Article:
In his letter from the Birmingham Jail, Martin Luther King Jr urged leaders of the white “moderate”, lukewarm churches to stand for justice against the oppression of blacks in the Jim Crow south. This is the case with the homeless in Bucks County, PA, where some churches, instead of standing up for the homeless, go along with the Bucks County establishment and view the homeless as second class citizens. In both cases, churches have taken the stance to go along in order to get along.
The church needs to stand on Biblical principles and influence the culture – be the salt in society.
In Bucks County, as was the case with blacks during the Jim Crow south, which by the way was under the influence of Democrats, the rights of the homeless are not respected. At the Levittown public library, there’s been a campaign to constructively remove the homeless from the library. Instead of standing up for the disadvantaged, as the Salvation Army did back in the day, the Salvation Army Levittown Community Center tacitly endorses this attitude. When the center’s public relations gal, The Countess of Carlisle butted into a conversation I was having with another volunteer about the harassment of the homeless, she Augustly stated that some people who visit the library don’t like the homeless being there and that the librarian is right for obliging her fellow elitists.
I disagreed. Consequently, the countess used her position to block an offer I had to write for the Salvation Army.
Between a member of The Advocates for The Homeless and Those in Need (AHTN) and the Redeemer Lutheran Church in Penndel, PA, an injustice was committed when a guest came to the church’s community meal drunk. He verbally assaulted and physically threatened another guest and anyone who seemed to have a problem with his behavior, cursing up a storm. He was restrained by a few men in the church.
The police were called. Two members of AHTN walked with the attacker to the other end of the large room. When the police came, they told the victim to leave, at the host’s request. The next time the victim came to the meal, he was told he had to leave. The host reluctantly said it was because he was saying bad things about the homeless.
There was false witness going around about the victim, that he ratted out homeless campsites and was a pervert, a sexual predator. I don’t know what any member from AHTN told the host when they walked out of hearing range of the victim, but it’s bizarre that the victim, who showed total restraint under attack, was banned from the church. I believe that AHTN repeated lies about the victim and maybe embellished the false witness, making up more lies. The attacker must have heard what was said.
Interestingly, the authorities did not bring the drunk and disorderly attacker to the district court where the victim filed a lawsuit against Redeemer Lutheran Church and members of AHTN. He may have shed the light of truth on what was said to cause Redeemer to ban the victim from the meals. The court entered a default judgment against him but dismissed the case against Redeemer and AHTN.
AHTN protected the perpetrator out of self interest. They view the homeless as miscreants whom they don’t hold accountable, which keeps their non profit in business.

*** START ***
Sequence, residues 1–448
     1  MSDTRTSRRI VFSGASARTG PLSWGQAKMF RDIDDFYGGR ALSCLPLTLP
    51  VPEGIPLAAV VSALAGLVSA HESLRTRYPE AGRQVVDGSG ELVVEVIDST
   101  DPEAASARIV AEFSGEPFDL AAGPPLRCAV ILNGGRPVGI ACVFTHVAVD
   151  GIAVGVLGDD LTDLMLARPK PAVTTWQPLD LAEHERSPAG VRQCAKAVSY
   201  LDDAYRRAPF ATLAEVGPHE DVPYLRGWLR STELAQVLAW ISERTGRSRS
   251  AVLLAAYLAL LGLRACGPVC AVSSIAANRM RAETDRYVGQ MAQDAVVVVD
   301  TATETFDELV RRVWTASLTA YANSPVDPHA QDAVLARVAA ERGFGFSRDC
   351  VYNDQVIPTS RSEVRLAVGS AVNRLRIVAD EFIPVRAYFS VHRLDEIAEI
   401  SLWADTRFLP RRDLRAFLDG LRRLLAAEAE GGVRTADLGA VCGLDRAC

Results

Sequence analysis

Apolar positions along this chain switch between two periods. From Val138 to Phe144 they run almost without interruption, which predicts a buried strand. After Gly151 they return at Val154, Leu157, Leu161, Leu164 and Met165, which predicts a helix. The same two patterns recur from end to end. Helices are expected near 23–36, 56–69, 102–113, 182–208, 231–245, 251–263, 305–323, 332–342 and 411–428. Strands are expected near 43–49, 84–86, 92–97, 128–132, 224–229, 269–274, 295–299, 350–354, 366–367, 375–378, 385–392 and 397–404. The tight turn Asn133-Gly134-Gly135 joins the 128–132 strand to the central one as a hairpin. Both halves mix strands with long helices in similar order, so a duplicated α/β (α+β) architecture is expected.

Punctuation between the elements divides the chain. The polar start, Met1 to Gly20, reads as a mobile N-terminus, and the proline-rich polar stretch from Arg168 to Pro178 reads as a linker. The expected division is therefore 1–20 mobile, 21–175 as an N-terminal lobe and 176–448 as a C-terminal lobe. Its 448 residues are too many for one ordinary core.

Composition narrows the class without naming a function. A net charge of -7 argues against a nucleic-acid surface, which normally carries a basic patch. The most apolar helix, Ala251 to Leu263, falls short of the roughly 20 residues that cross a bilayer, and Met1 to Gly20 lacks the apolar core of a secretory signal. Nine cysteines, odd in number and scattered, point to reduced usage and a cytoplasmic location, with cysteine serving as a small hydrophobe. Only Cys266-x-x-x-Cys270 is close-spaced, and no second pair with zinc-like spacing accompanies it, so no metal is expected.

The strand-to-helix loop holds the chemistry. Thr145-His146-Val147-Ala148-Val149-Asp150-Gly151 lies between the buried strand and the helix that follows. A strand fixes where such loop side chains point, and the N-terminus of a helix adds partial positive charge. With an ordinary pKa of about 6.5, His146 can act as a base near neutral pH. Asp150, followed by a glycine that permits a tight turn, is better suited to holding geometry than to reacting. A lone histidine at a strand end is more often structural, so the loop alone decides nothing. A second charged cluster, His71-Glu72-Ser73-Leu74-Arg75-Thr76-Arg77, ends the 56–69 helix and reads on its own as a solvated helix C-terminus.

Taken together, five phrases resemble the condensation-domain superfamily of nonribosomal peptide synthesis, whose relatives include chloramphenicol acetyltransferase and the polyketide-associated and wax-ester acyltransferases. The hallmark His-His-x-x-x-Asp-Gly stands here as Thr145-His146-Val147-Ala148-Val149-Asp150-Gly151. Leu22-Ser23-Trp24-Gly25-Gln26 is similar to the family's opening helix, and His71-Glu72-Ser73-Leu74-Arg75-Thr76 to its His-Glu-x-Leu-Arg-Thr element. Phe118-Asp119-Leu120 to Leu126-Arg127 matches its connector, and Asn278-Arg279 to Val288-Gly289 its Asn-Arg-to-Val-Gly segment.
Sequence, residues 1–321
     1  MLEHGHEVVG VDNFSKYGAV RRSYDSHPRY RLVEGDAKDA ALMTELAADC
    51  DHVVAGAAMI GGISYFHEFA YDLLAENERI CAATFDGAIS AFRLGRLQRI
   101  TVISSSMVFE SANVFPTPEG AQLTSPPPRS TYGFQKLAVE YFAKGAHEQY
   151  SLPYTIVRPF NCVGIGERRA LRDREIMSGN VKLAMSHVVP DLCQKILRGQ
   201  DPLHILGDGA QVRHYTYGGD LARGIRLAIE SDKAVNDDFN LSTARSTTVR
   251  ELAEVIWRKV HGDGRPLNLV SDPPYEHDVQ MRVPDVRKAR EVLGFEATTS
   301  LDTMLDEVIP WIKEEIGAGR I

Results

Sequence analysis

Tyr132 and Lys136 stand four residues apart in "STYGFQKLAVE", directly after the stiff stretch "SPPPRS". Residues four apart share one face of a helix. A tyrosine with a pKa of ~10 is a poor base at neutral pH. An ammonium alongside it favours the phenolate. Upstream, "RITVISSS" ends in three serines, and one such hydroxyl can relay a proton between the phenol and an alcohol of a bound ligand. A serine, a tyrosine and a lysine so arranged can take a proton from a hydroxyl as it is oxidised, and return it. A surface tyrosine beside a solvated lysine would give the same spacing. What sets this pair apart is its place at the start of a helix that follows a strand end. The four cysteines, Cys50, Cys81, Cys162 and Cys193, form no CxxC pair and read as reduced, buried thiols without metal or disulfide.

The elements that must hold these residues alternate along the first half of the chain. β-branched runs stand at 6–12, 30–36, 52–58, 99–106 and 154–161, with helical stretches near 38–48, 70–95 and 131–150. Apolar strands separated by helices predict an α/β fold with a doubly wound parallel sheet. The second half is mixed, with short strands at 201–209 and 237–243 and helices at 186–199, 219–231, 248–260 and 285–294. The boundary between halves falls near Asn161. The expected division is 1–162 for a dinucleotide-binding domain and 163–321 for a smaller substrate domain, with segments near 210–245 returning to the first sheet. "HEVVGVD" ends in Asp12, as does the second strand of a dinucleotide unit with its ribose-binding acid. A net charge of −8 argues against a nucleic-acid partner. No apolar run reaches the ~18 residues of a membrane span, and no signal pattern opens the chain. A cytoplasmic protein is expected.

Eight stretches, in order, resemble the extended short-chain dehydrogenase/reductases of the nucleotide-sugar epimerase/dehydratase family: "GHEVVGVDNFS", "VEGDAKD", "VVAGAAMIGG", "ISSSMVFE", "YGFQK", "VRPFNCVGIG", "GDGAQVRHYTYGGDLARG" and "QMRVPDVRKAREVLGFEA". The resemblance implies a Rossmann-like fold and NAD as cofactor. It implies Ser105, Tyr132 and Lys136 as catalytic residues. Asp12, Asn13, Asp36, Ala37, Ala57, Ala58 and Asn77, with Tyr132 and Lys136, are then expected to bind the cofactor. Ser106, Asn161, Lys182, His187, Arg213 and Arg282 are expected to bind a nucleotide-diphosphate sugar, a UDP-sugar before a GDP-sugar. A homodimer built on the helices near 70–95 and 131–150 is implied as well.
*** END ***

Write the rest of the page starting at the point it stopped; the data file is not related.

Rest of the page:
On one occasion, the Levittown librarian ordered the locks of bikes parked legally in the bike rack in the library cut because some homeless people had abandoned their bikes there. All the locks were cut, including those who had their bikes parked there during their stay at the library. Christine, one of the AHTN members who talked with the hosts at Redeemer Lutheran Church, met with the librarian. She reported to the homeless that Pat, the librarian, made an announcement for those with bikes parked there to come out so they wouldn’t have their locks cut. I learned from a reliable source that Pat never made an announcement, as the guy who told me was in the library the whole time.
In his letter, Dr King wrote of being in the middle of two different forces in the black community. One is complacent and just goes along with the status quo. The other force is bitter and hateful and breeds violence. These black nationalist groups are the forerunners of today’s militant groups, such as Black Lives Matter. Dr. King writes “It is made up of people who have lost faith in America, who have absolutely repudiated Christianity, and who have concluded that the white man is an incurable devil.”
Some hold the same view in the homeless community. A homeless and a formerly homeless guy told me that because the homeless are oppressed and because of their situation, they have a reason to act like savages. I disagree.
MLK explained in his letter that the purpose of non violent protest is to call attention to injustice and bring people to the negotiating table. This is what a true advocate for the homeless did in Portland, Oregon. Consequently, Dignity Village, a community of tiny houses where some formerly homeless have administrative positions, was created.
What Bucks County needs is to call more attention to the homeless problem, and instead of pushing the homeless away, like the Democrats did the American Indian, respect the rights of the homeless and don’t quash even private efforts to house the homeless just because of a few bad apples. This is discrimination.
Some churches in Bucks County have been gracious to the homeless, feeding them, providing clothes, accepting, listening to and mentoring them. They need to do more of it!
We shall overcome!
Dr. King’s letter is lengthy, but, to borrow a phrase from a high school English teacher, it’s worth its weight in gold: